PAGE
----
Mainstream magazines are struggling, but ultra-targeted indie fashion books are experiencing something of a renaissance. Case in point: Garage, the art and fashion biannual founded by Dasha Zhukova, which was acquired by Vice Media
in 2016. New editor-in-chief Mark Guiducci and creative director Brian Phillips fill us in on their grand plans.
Mark, how did you end up at Garage?
Mark Guiducci: It was the middle of August and I got a call out of the blue from Dasha [Zhukova]. I had been at Vogue for five years, most recently as the arts editor, and I was happy there, but by the end of August, I made my decision, and then I went straight to Europe to see the collections. Brian [Phillips] and I launched the website on October 13, and three days before that, we photographed 41 New Yorkers who comprised what we called the “Garage Band.” It was our way of announcing the site was live, but also that we are doing this from New York. Before, the magazine had been produced
in London, but it’s still an international magazine.
Why did you team up with Brian, who has a background in branding and PR, as opposed to a traditional print editor?
Guiducci: We were friendly, and I had known the work he had done for Kenzo and some of his other clients. I always knew how smart he was, and that he had his hands in art as much as in fashion. That was the most important thing.
Brian, why did you take on the project?
Brian Phillips: Magazines were the reason I got into this business in the first place. I’ve worked with many great editors and creative directors from the other side, and I’ve always been a huge admirer of publishing, and independent publishing, specifically. It took me a few minutes to digest what Mark was proposing, but I immediately jumped at the chance to work with Mark and Garage. Dasha’s concept was really prescient in terms of the merger of creative disciplines and bringing them into conversation with one another. I’ve always tried to do that through my work.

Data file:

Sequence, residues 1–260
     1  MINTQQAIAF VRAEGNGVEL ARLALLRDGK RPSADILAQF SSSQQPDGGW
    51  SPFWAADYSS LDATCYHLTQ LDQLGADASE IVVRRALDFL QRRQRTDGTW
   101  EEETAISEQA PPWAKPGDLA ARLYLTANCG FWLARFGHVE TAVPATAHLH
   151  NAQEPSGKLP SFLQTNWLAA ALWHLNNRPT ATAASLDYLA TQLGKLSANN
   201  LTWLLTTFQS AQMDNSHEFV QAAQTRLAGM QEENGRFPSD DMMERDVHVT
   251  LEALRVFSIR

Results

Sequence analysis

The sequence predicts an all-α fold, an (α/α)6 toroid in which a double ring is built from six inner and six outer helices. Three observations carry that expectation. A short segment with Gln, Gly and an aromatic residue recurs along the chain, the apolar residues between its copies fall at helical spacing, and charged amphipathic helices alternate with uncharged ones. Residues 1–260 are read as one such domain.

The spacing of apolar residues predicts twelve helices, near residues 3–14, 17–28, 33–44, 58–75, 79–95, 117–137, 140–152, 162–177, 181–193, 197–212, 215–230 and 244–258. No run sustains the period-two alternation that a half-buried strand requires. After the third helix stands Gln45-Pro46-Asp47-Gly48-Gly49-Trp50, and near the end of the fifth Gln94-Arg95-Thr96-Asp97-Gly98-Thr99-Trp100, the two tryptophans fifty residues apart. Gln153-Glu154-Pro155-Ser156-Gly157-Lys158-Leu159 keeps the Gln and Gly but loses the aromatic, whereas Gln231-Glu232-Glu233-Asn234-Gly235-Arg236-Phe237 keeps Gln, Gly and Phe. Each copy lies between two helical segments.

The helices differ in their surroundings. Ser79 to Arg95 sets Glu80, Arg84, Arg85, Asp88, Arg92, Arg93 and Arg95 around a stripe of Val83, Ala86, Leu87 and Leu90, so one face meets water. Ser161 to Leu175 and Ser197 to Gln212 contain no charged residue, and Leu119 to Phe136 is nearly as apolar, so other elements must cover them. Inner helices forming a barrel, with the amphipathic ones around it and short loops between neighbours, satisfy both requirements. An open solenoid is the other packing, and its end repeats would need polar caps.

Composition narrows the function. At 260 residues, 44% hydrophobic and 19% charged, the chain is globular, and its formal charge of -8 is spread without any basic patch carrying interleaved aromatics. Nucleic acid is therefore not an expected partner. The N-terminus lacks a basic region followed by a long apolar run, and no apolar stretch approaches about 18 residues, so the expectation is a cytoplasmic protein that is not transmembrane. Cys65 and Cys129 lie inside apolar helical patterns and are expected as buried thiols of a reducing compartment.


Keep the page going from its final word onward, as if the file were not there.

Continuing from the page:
What’s the plan for digital?
Phillips: I’m super excited to surprise everybody with what is possible in the medium of video content.
Guiducci: The title has been owned by Vice Media for some time, but the website only launched in October, and it’s only going to continue to ramp up in terms of what we do—not just in the number of stories that we produce, but also how we use that network to twist the medium or make mediums meet for the first time. When Dasha launched the magazine, there was still some skepticism about the idea of fashion and art collaborating, and sometimes those collaborations often looked like they were superficial. But Dasha found ways to make it meaningful, so when we were thinking about what we wanted to do, that was something we always came back to—the root of the first few issues and the genesis of the magazine.
What is Dasha’s level of involvement now that Garage is part of Vice Media?
Guiducci: We speak every day. Dasha’s in New York now, and she cares very much. But she hasn’t said no to anything. She’s been super open and supportive of everything that we want to do.
You’ve enlisted fine artists to photograph the fashion. Anyone we know?
Phillips: I’m really proud that there are going to be names that you’ve never seen before in fashion magazines…and maybe even some art magazines.
Guiducci: Juxtaposed with names that you’ve definitely heard of.